Charles W. Eliot was an American academic and writer, born on March 20, 1834, in Boston, Massachusetts. He is best known for his role as the president of Harvard University from 1869 to 1909, where he made significant reforms and modernized the institution. Eliot was a strong advocate for educational accessibility and introduced elective courses and a flexible curriculum during his tenure.

Aside from his administrative achievements, Charles W. Eliot was also a prolific writer and editor. He edited the collection “Plato, Epictus, Marcus Aurelius,” which brought together the works of these ancient philosophers. This compilation aimed to provide readers with a comprehensive understanding of the philosophical ideas and teachings of Plato, Epictus, and Marcus Aurelius.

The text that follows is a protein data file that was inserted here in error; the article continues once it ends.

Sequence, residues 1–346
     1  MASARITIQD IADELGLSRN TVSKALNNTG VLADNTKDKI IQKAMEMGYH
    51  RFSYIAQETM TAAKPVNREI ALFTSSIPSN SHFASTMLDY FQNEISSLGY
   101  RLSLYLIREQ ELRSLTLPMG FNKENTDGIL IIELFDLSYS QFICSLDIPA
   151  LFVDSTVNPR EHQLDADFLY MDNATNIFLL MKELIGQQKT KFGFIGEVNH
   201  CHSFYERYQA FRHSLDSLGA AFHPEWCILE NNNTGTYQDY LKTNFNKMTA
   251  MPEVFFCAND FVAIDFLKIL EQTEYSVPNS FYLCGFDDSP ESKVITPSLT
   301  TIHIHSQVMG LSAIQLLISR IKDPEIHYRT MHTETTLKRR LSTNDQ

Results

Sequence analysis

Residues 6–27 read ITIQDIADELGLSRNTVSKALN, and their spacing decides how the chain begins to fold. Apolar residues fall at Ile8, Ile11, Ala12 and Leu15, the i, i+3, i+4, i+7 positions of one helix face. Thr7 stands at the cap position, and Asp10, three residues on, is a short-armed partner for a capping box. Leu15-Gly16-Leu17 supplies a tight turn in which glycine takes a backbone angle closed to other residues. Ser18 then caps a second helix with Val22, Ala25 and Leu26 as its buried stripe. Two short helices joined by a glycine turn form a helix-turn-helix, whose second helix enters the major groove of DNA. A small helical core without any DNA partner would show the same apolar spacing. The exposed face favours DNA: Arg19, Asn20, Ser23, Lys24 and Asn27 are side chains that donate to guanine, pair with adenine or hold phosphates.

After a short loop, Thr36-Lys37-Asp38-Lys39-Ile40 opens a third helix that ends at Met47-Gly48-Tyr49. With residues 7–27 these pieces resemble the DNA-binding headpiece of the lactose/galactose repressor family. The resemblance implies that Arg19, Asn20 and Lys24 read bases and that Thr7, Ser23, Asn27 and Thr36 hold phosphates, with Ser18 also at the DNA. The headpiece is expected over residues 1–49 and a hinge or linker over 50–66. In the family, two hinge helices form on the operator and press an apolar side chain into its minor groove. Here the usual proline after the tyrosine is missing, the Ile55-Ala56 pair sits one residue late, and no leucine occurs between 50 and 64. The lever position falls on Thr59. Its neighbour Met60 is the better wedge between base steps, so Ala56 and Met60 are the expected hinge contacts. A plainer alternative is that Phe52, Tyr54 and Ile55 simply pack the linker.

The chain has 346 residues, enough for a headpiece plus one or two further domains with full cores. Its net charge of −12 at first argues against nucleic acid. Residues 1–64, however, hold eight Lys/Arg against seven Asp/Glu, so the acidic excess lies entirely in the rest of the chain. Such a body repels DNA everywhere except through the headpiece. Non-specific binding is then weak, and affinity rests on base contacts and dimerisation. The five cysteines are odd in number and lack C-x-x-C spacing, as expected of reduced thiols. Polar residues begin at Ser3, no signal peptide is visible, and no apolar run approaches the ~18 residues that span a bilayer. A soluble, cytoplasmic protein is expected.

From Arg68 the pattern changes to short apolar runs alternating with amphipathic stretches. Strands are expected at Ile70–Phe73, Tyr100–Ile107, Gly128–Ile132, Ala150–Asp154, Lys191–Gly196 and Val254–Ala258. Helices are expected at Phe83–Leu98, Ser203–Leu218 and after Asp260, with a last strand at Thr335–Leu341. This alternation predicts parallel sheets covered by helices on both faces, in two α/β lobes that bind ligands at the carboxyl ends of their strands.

Eliot also edited and introduced individual works such as “The Apology,” “Phaedo,” “Crito,” “The Golden Sayings of Epictetus,” and “The Meditations of Marcus Aurelius.” These works delve into various philosophical topics, including ethics, morality, and the nature of existence. Charles W. Eliot’s editorial efforts played a crucial role in making these influential works more accessible to a wider audience.

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